On the days she’s not in a murderous mood, she can barely drag herself out of bed.
And she is wondering what the hell is going on.
If you feel like your once-pleasant personality and your mojo have skipped town together, you’re not alone. The likely explanation is that perimenopause has kidnapped them.
Perimenopause is sneaky.
Some days she’s subtle, but other days she plows through your body like a pack of alien invaders.
AND she is the mistress of disguise.
Signs of perimenopause can start as early as your mid-late 30’s. While you’re in the thick of raising kids (or considering having more), your ovaries may be looking toward retirement.
Maybe you notice that you’re just a little grouchier or that your periods aren’t quite as regular. Your PMS symptoms, which were once mildly annoying, are now raging. You gain weight even though you’re exercising and eating right.
Is This Normal?
Hormones begin shifting naturally around the age of 35 when estrogen and progesterone start to taper off very gradually prior to menopause. Because this is usually such a slow shift, many women may hardly feel this change happening in their bodies. However, for many women, these hormonal shifts may overwhelm the body’s ability to maintain balance. The result is severe symptoms that can go on for years. There are some very lucky women who don’t experience any of this until much later…and their symptoms are mild or non-existent. That’s normal too.
Is It PMS or Perimenopause?
Many of the symptoms of PMS overlap with perimenopause. In both cases, hormonal swings are the culprit. The difference is that PMS happens during the second half of your cycle. Perimenopause symptoms can happen at any time. Keeping a journal of your symptoms may help you sort this out if you’re not sure what’s going on.
How Can I know for Sure if I’m in Perimenopause?
The short answer is…you can’t. Lab tests in perimenopause can be unreliable because your hormones are bouncing around constantly on any given day. A lab test only gives a snapshot of what’s going on, and results can vary depending on the timing of the test. Many a woman has been dismissed with “your lab tests are normal” when she is, in fact, in perimenopause. You know your body better than anyone, so don’t settle for this if you feel like something is off.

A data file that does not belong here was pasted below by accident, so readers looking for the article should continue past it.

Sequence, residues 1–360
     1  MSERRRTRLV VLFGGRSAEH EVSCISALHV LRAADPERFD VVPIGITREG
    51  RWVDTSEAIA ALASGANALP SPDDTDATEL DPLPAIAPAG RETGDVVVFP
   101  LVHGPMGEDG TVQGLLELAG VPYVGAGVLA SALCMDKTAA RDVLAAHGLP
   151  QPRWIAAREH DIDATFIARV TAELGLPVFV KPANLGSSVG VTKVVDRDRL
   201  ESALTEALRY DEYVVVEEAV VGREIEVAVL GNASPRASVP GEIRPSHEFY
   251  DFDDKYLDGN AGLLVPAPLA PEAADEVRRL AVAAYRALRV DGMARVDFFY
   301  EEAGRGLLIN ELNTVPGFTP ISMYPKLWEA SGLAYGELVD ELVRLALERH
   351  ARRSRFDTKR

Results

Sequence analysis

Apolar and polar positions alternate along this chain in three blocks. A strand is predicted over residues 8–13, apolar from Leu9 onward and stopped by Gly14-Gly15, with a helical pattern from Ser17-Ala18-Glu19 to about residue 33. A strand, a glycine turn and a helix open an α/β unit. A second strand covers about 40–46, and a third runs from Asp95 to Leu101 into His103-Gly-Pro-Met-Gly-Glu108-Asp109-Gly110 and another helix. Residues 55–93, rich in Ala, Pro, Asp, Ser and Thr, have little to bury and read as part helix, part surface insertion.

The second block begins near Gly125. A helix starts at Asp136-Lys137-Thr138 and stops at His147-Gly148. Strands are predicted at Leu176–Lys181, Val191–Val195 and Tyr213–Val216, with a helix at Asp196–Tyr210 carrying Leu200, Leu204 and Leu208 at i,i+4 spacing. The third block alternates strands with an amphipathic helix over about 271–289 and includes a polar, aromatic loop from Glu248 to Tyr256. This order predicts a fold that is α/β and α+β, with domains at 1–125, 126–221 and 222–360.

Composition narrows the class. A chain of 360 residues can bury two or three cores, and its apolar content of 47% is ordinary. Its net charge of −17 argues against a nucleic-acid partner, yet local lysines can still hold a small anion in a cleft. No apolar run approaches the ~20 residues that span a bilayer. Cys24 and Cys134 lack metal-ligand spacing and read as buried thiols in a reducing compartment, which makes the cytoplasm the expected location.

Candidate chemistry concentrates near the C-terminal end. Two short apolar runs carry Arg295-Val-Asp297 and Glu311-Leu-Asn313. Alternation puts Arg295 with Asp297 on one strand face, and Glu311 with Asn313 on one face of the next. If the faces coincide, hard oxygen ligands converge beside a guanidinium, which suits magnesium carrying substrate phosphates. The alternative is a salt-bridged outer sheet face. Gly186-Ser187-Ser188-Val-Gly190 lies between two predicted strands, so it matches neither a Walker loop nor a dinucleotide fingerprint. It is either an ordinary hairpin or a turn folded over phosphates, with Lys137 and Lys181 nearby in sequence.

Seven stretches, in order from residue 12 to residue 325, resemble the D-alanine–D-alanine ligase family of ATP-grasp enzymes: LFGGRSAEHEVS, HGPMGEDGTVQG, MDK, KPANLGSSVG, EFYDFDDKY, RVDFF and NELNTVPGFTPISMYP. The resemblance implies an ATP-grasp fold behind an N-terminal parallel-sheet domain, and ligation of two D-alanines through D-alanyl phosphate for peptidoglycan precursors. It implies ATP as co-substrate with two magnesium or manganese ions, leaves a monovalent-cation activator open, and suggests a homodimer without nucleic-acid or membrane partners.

If you do have blood tests, your doctor will most likely test your FSH (and maybe your estrogen or progesterone levels). The closer your FSH is to 50, the closer you are to menopause.
It’s a Hormone Problem, not a Prozac® Deficiency
It’s important to recognize what’s going on because many a woman has ended up on antidepressants or sleeping pills because she (and her healthcare provider) did not recognize that these problems were related to a HORMONE IMBALANCE and not true depression. Antidepressants won’t fix the root cause of the problem.
Misbehaving hormones can often be corrected with lifestyle, herbal and nutritional supplements. In some cases, hormone replacement may be necessary, but that’s not usually the place to start. The first step is to get tested to see what your imbalance is. This is important because signs of imbalance overlap. Low progesterone can look like low thyroid; high cortisol can look like low progesterone, etc.
What If That Doesn’t Work?
If changes in lifestyle don’t help, then it may be time to test your sex hormone levels and your cortisol levels. High cortisol levels can keep the rest of the musicians in your body’s orchestra from playing their best, so it’s important to have a picture of how you handle stress and address that first. Testing can be done with saliva, blood or urine (there are plusses and minuses for each method). Knowing your specific imbalances allows your hormone care provider to create a unique management plan for you.